It is not clear whether alcohol consumption is associated with lung cancer risk. The relationship is likely to be confounded by smoking, complicating the interpretation of previous studies. A team of researchers examined the association of alcohol consumption and lung cancer risk in a large pooled international sample, minimising potential confounding of tobacco use by restricting analyses to never smokers. The study included 22 case-control and cohort studies with a total of 2,548 never-smoking lung cancer patients and 9,362 never-smoking controls from North America, Europe and Asia within the International Lung Cancer Consortium (ILCCO) and SYNERGY Consortium.
Alcohol consumption was inversely associated with lung cancer risk with evidence most strongly supporting lower risk for light and moderate drinkers relative to non-drinkers (>0-4.9g per day: OR=0.80, 95% CI=0.70-0.90; 5-9.9g per day: OR=0.82, 95% CI=0.69-0.99; 10-19.9g per day: OR=0.79, 95% CI=0.65-0.96).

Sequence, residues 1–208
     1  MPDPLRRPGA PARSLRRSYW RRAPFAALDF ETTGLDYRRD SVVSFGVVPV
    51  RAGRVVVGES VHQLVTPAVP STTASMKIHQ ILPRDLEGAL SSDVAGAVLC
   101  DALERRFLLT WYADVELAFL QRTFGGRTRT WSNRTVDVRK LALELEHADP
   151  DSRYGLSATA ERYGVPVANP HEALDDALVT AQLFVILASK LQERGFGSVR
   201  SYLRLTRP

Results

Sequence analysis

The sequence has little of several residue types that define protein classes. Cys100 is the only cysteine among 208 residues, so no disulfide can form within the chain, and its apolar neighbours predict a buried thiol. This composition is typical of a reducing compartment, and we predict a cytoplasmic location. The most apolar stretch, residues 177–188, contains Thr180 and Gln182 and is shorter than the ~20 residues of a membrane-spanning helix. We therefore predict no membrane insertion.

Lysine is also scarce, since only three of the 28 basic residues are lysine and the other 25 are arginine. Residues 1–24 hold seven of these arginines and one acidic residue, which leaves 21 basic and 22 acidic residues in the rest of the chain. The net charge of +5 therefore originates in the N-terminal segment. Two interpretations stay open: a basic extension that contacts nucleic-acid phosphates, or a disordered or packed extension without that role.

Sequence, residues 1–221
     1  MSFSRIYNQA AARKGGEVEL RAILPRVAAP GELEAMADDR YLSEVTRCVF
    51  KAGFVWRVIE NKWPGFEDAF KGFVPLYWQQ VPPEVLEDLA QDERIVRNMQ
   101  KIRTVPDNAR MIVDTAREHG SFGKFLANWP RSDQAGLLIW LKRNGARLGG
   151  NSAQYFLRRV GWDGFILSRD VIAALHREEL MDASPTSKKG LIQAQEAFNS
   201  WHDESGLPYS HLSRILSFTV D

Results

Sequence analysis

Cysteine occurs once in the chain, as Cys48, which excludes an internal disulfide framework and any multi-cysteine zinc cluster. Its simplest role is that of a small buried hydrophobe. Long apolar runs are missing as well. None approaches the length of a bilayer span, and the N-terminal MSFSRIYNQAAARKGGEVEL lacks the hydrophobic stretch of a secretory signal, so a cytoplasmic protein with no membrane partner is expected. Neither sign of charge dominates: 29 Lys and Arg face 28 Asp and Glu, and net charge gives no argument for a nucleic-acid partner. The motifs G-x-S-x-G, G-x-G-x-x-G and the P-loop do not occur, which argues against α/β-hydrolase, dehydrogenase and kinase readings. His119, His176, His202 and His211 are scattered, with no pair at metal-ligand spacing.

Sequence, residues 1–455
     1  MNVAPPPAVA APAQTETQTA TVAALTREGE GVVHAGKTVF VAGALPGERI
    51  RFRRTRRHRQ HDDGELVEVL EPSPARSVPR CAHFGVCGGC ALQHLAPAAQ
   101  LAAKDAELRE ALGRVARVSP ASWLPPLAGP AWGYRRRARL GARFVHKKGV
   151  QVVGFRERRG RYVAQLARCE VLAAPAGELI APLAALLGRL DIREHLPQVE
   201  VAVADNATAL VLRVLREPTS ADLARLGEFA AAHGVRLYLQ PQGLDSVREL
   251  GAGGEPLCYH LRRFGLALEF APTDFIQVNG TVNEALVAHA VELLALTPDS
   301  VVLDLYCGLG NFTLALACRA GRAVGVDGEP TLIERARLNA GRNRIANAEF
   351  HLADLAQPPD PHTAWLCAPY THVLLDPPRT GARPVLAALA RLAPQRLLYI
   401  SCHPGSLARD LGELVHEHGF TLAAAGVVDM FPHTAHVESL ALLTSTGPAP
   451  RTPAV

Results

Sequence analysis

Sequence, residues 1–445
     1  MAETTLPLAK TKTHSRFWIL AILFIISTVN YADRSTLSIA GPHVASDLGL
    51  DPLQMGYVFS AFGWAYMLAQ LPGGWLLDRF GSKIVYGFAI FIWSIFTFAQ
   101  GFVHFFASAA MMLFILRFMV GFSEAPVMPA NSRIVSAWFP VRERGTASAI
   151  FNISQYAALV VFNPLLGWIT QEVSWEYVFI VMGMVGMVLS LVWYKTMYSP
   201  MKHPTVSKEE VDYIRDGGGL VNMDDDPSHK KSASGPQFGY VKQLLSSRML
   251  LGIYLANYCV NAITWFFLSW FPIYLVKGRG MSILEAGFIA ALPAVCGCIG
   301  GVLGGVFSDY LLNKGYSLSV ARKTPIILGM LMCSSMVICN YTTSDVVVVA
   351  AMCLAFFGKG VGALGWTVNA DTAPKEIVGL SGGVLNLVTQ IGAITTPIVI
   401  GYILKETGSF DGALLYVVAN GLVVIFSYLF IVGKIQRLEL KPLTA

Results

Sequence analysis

Inverse associations were found for consumption of wine and liquor, but not beer. The results indicate that alcohol consumption is inversely associated with lung cancer risk, particularly among subjects with low to moderate consumption levels, and among wine and liquor drinkers, but not beer drinkers. Although the results should have no relevant bias from the confounding effect of smoking the research the authors cannot preclude confounding by other factors. Confounding in relation to the non-drinker reference category may be of particular importance, they state.
Source: Alcohol and lung cancer risk among never smokers: a pooled analysis from the International Lung Cancer Consortium and the SYNERGY Study. Fehringer G; Brenner DR; Zhang ZF; Lee YA; Matsuo K; Ito H; Lan Q; et al International Journal of Cancer. Published early online 24 January 2017.